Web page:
Discover the art of efficiently detecting and managing initial user interactions in your web app with the potent useOnInteraction hook.
First interaction use cases
Sometimes, you need to detect the user's first interaction in the application and perform specific actions. This could involve rendering a widget, logging an entry in the database via a dedicated API call, or other tasks. Performing these operations immediately after the application mounts - during the first render in React - may slow down your Lighthouse benchmark. If you prioritize performance, it's advisable to consider utilizing this mechanism.
For example, consider a scenario where a user lands on your page that requires fetching data to display a pop-up widget. Without this mechanism, you would make a call every time the user refreshes the page, even if they don't need this data/widget. By implementing this mechanism, you load the required data only when the user truly "interacts" with the app, reducing costs and improving application performance metrics. This is possible because the additional code for the required operation can be lazy-loaded.
In the https://4markdown.com/ app, we utilize it to load the Firebase library, which is relatively large, only after the user interacts with the app. This enhancement has boosted our benchmarks from 94% to 100%. Check out the GIF below to understand how it works:
1. Detecting user interaction
Detecting the first user interaction varies between mobile and desktop devices. On mobile devices, it involves the use of a touch event, while on desktop devices, it relies on a mouse move event. Therefore, we require two distinct events and a mechanism to differentiate between them after detecting the initial user interaction.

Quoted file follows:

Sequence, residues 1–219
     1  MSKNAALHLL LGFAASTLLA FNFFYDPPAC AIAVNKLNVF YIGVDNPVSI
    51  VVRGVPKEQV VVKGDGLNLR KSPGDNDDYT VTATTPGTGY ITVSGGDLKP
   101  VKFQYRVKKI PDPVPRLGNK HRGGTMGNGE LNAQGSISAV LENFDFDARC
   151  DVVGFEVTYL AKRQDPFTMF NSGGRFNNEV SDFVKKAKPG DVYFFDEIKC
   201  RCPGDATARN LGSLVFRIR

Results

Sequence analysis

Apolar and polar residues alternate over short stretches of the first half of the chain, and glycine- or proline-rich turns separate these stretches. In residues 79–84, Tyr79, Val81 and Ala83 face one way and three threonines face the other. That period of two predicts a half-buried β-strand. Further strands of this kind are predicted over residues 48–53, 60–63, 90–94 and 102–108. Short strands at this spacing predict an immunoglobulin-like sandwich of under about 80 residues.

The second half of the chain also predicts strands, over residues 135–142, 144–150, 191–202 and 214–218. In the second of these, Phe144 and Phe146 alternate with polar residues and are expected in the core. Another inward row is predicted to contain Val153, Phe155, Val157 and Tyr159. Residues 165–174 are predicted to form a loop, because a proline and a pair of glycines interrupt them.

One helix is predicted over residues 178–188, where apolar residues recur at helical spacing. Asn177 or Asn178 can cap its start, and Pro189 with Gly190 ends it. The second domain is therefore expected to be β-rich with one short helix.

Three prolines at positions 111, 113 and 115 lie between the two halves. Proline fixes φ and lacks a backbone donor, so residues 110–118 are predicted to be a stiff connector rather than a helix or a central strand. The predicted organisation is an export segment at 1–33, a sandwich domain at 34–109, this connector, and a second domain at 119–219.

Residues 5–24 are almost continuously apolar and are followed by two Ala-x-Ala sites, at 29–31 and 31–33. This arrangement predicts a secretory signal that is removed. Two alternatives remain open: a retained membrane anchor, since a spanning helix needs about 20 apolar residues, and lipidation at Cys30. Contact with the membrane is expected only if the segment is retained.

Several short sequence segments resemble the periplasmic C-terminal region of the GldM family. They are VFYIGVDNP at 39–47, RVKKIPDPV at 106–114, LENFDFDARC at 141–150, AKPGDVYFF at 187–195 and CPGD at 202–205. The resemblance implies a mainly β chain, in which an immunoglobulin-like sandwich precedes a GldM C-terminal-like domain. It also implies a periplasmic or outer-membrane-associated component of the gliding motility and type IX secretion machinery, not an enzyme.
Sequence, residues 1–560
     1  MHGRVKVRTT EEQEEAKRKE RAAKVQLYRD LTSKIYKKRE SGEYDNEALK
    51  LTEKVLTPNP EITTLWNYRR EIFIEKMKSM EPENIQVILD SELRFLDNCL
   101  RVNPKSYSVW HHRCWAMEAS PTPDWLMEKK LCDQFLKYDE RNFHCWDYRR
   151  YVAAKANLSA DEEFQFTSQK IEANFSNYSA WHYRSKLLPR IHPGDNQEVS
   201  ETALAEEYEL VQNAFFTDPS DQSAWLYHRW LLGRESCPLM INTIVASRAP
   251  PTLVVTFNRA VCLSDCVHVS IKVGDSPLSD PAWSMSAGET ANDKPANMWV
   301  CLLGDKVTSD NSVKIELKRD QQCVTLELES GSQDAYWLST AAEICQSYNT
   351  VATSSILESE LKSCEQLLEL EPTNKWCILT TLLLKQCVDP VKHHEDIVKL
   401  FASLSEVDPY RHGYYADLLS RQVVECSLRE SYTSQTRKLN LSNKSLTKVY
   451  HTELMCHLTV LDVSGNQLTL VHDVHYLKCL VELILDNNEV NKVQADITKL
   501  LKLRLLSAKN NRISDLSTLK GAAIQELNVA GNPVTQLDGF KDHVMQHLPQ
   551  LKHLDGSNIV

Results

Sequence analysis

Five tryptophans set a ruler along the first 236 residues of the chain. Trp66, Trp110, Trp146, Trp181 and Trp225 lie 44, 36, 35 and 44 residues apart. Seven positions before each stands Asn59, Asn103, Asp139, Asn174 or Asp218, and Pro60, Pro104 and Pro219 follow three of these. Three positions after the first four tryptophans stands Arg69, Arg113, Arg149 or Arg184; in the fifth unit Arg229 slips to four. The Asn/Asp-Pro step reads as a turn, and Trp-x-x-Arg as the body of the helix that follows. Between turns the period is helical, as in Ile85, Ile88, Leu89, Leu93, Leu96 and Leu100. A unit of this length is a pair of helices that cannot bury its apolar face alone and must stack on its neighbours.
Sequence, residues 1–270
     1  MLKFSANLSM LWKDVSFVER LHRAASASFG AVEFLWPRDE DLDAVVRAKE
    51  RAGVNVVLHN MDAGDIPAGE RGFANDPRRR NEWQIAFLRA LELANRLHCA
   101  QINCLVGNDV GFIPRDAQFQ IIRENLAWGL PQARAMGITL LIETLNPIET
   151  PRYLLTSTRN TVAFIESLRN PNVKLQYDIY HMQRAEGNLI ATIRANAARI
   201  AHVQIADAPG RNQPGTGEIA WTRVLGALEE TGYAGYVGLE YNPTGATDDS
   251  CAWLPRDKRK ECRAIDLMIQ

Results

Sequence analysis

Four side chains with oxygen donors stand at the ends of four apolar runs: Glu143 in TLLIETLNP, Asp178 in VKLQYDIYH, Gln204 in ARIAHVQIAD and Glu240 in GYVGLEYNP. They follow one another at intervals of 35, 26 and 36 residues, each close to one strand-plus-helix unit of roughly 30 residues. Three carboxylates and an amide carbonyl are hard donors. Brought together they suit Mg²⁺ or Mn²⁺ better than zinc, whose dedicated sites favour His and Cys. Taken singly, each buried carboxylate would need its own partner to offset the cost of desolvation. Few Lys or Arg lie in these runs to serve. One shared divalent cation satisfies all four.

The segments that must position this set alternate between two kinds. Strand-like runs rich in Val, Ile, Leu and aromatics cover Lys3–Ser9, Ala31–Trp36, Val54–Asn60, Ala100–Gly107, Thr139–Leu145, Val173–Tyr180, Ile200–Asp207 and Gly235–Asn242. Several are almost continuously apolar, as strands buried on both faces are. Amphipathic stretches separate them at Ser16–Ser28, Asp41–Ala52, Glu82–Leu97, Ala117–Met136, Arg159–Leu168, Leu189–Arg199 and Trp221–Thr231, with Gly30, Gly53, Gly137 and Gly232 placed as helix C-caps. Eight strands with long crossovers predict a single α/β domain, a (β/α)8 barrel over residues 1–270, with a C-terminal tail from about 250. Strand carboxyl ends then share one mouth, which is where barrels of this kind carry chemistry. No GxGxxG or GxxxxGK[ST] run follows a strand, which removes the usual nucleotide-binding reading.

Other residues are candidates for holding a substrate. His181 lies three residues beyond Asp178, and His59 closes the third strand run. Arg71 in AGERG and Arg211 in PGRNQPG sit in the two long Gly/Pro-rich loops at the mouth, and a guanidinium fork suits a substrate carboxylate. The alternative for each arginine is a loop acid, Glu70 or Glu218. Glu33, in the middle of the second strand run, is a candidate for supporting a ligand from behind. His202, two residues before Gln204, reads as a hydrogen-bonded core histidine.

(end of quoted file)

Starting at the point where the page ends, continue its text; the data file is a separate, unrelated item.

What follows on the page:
2. Design of useOnInteraction hook
To avoid cluttering our component code with repetitive logic for detecting the first user interaction, we'll create a custom hook called useOnInteraction. Components will then simply consume this hook and execute the necessary operations based on the results.
3. Implementing useOnInteraction hook
The implementation of the useOnInteraction hook involves utilizing useState to trigger a rerender when an interaction is detected, and the useEffect hook to listen to relevant events.
When interaction is detected, we remove the current listeners and skip adding new ones with a simple if statement at the beginning of the useEffect implementation.
Now, you can listen for the first interaction and perform the necessary operations. I use this hook for lazy loading dedicated components or executing required calls/checks. For instance, it might involve checking the authorization status only after the user interacts with the app, preventing unnecessary calls to my API.
- 1. Rendering
Creating portals with custom usePortal hook
We will change the screens with useStepper hook
Manage components appearance with useToggle hook
Removing server warnings for useLayoutEffect with custom hook
First interaction detection with useOnInteraction hook
- 2. Forms
- 3. Events
Read the scroll metadata and direction with useScroll hook
Using clipboard with useClipboard hook
Detect outside click with the useClickOutside hook
Deep dive into useIntersectionObserver hook
Element size measurement with useElementSize hook
- 4. Guards
- 5. Interactions